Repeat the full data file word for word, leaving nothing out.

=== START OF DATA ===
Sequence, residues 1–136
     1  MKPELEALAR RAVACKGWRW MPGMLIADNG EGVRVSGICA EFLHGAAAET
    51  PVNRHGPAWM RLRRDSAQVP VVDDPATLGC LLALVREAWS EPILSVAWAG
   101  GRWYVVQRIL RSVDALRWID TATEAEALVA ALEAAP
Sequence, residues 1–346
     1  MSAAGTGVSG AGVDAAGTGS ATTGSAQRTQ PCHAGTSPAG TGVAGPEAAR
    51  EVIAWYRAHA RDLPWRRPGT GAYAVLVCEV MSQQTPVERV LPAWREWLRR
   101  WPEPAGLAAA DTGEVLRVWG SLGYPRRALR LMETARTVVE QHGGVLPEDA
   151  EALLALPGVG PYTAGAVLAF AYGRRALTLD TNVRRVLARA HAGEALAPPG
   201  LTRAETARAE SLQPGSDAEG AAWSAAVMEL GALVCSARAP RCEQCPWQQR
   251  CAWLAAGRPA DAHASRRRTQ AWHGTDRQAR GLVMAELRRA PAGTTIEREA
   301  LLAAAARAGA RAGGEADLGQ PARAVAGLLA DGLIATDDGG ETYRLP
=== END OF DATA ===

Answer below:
Sequence, residues 1–136
     1  MKPELEALAR RAVACKGWRW MPGMLIADNG EGVRVSGICA EFLHGAAAET
    51  PVNRHGPAWM RLRRDSAQVP VVDDPATLGC LLALVREAWS EPILSVAWAG
   101  GRWYVVQRIL RSVDALRWID TATEAEALVA ALEAAP
Sequence, residues 1–346
     1  MSAAGTGVSG AGVDAAGTGS ATTGSAQRTQ PCHAGTSPAG TGVAGPEAAR
    51  EVIAWYRAHA RDLPWRRPGT GAYAVLVCEV MSQQTPVERV LPAWREWLRR
   101  WPEPAGLAAA DTGEVLRVWG SLGYPRRALR LMETARTVVE QHGGVLPEDA
   151  EALLALPGVG PYTAGAVLAF AYGRRALTLD TNVRRVLARA HAGEALAPPG
   201  LTRAETARAE SLQPGSDAEG AAWSAAVMEL GALVCSARAP RCEQCPWQQR
   251  CAWLAAGRPA DAHASRRRTQ AWHGTDRQAR GLVMAELRRA PAGTTIEREA
   301  LLAAAARAGA RAGGEADLGQ PARAVAGLLA DGLIATDDGG ETYRLP